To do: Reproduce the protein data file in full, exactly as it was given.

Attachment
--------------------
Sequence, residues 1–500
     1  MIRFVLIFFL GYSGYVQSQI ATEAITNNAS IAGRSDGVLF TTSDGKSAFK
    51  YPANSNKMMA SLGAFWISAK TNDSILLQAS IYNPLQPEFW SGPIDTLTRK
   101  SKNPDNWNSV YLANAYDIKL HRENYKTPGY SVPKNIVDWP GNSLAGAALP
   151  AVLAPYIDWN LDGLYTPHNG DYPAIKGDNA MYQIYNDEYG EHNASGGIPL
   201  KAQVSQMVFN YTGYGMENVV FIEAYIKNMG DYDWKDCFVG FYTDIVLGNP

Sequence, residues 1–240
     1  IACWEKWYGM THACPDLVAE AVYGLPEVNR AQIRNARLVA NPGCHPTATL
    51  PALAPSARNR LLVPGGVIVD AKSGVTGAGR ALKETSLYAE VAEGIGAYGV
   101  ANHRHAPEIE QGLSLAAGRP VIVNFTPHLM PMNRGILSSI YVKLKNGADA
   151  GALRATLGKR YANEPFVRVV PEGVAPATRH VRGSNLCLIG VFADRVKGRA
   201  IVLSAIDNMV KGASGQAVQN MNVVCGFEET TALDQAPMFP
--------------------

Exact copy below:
Sequence, residues 1–500
     1  MIRFVLIFFL GYSGYVQSQI ATEAITNNAS IAGRSDGVLF TTSDGKSAFK
    51  YPANSNKMMA SLGAFWISAK TNDSILLQAS IYNPLQPEFW SGPIDTLTRK
   101  SKNPDNWNSV YLANAYDIKL HRENYKTPGY SVPKNIVDWP GNSLAGAALP
   151  AVLAPYIDWN LDGLYTPHNG DYPAIKGDNA MYQIYNDEYG EHNASGGIPL
   201  KAQVSQMVFN YTGYGMENVV FIEAYIKNMG DYDWKDCFVG FYTDIVLGNP

Sequence, residues 1–240
     1  IACWEKWYGM THACPDLVAE AVYGLPEVNR AQIRNARLVA NPGCHPTATL
    51  PALAPSARNR LLVPGGVIVD AKSGVTGAGR ALKETSLYAE VAEGIGAYGV
   101  ANHRHAPEIE QGLSLAAGRP VIVNFTPHLM PMNRGILSSI YVKLKNGADA
   151  GALRATLGKR YANEPFVRVV PEGVAPATRH VRGSNLCLIG VFADRVKGRA
   201  IVLSAIDNMV KGASGQAVQN MNVVCGFEET TALDQAPMFP